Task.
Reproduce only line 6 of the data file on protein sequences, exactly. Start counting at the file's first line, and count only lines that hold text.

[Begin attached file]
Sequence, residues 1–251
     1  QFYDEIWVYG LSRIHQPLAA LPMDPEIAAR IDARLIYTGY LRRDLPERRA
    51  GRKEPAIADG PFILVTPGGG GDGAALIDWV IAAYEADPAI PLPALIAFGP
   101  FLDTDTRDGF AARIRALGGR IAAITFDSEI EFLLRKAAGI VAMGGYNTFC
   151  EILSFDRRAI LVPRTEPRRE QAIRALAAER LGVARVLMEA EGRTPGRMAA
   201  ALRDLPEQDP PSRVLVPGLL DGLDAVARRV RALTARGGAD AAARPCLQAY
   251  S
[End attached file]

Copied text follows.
   201  ALRDLPEQDP PSRVLVPGLL DGLDAVARRV RALTARGGAD AAARPCLQAY